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Written on Thursday, 27. August 2009 at 13:21 In the category campaigns, design, ethics, mechanics, other_blogs, spam, strategy, technology. Follow the comments via RSS here: RSS-Feed. Read the Comments. Trackbacks- Trackback on this post. Share on FriendFeed

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3 Comments »

  1. Glad to see you are still posting once or twice a month. I just caught up on a bunch of your posts that I have not seen. The article reminded me that I need to start back up the 30, 60, 90 email campaign. I’m definitely one to grow it my lists in an organic way. Thanks for the post.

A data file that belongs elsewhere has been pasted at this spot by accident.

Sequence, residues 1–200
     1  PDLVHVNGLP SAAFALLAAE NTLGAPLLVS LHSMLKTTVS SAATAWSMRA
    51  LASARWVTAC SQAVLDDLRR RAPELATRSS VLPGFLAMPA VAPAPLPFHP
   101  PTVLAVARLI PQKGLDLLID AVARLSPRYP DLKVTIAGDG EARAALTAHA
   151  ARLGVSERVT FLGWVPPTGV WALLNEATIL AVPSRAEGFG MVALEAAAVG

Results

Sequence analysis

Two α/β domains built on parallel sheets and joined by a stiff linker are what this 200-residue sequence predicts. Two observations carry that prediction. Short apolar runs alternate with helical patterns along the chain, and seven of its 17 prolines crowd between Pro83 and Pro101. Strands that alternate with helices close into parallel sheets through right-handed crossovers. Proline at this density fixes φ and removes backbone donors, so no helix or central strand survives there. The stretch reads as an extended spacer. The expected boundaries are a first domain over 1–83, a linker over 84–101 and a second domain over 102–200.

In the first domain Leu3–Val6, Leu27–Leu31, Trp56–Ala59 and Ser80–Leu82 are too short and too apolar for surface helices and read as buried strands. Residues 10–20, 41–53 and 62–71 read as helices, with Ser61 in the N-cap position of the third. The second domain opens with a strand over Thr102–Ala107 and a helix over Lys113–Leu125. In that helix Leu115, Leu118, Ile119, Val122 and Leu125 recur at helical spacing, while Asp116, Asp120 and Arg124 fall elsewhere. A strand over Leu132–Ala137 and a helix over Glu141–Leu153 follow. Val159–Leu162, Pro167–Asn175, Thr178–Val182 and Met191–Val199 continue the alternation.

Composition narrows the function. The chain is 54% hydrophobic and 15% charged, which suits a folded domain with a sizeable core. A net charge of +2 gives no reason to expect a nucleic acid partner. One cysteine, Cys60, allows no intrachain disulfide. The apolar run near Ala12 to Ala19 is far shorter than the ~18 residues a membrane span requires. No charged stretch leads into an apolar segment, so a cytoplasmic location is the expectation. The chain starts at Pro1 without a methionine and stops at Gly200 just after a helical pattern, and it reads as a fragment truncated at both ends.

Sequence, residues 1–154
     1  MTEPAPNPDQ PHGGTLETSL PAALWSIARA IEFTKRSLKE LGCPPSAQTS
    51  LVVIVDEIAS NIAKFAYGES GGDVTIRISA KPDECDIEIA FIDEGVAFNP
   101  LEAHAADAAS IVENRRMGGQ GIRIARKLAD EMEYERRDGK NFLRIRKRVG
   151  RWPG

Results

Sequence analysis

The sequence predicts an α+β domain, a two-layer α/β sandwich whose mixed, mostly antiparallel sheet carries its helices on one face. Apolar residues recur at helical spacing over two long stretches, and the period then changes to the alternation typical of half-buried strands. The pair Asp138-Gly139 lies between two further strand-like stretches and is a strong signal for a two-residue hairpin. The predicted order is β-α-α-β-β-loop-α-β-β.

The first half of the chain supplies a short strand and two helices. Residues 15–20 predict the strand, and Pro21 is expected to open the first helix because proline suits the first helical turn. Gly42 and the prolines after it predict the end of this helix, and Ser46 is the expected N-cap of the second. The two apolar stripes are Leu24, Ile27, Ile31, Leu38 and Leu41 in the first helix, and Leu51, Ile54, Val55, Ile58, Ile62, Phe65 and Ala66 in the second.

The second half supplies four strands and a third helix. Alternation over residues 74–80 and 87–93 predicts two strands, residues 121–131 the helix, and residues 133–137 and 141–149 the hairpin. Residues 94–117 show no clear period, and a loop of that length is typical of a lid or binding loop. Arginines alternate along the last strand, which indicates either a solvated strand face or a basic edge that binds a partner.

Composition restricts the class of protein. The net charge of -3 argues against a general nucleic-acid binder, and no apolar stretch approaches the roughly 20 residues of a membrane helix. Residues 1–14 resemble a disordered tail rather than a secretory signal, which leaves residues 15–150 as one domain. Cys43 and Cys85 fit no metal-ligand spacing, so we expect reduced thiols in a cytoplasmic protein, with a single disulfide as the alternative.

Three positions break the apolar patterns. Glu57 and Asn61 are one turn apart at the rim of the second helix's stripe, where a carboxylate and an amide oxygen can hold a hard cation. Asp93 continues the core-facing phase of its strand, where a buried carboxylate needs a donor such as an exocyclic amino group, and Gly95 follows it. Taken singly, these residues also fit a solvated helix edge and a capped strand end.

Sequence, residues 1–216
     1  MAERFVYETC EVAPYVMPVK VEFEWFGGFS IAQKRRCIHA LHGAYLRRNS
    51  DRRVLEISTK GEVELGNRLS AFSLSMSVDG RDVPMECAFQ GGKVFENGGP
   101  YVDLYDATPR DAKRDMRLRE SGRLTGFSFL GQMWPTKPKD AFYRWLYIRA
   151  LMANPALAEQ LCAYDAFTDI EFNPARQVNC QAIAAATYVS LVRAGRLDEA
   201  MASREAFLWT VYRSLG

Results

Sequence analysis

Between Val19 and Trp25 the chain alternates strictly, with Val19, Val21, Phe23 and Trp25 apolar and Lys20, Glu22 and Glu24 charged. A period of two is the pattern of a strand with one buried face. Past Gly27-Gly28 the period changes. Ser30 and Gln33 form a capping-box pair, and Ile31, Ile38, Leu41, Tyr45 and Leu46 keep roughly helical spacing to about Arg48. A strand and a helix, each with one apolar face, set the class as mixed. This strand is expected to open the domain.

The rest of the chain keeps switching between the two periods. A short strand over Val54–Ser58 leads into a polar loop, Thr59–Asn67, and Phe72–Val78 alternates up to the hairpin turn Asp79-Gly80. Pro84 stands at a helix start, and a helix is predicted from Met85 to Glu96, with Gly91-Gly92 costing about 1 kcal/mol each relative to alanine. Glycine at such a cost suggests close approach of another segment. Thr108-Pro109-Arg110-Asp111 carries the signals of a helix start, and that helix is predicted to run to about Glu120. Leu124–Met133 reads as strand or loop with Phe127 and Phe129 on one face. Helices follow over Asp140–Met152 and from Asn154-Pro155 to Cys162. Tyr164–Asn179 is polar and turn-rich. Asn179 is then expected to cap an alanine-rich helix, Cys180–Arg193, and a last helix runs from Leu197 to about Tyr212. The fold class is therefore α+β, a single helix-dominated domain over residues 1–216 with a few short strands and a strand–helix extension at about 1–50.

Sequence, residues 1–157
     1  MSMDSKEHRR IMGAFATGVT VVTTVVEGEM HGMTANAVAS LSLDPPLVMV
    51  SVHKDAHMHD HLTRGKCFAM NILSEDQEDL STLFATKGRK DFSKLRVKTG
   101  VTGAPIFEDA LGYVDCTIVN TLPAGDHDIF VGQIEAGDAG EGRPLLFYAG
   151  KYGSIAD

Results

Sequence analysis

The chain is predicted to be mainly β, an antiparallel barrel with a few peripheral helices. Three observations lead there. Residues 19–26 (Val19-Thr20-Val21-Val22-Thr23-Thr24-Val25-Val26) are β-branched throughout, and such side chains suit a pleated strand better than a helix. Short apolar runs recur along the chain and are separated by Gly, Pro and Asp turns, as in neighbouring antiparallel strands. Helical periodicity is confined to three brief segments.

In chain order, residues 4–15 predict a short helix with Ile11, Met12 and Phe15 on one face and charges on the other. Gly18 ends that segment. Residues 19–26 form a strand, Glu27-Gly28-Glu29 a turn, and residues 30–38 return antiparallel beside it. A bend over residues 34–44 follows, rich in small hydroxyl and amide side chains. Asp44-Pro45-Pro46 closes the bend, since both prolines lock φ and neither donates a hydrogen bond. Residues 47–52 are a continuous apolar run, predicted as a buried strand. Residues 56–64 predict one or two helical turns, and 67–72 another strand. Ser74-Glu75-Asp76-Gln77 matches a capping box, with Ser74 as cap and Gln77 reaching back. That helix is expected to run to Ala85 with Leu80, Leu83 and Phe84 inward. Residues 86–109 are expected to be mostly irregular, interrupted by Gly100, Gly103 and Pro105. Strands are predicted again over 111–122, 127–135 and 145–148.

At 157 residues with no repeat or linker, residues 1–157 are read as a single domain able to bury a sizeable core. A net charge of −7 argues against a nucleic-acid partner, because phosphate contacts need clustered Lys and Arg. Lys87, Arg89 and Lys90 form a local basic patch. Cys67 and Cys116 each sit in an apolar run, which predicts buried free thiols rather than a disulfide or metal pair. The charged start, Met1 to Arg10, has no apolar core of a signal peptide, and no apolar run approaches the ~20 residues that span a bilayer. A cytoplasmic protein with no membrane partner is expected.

Comment: Peter Chee – 28. August 2009 @ 11:02 pm

  2. thanks Peter! Yeah list acquisition is a big question, almost every talk or seminar I do it’s the #1 question. Which leads me into how it’s a number game, how to avoid snake oil salesman, etc. But the slow growth is the way to go.

    Comment: Anna – 01. September 2009 @ 11:53 am

  3. True. A huge list of email addresses won’t really mean much if actual relationship between the people behind those email addresses aren’t established. The relationship is the key here. Plus “borrowing” lists is cheating (which doesn’t really work btw) and is not indicative of good email marketing. So taking small steps to growth is indeed the right way! Nice read!

    Comment: Nigel Ball – 09. December 2009 @ 11:27 pm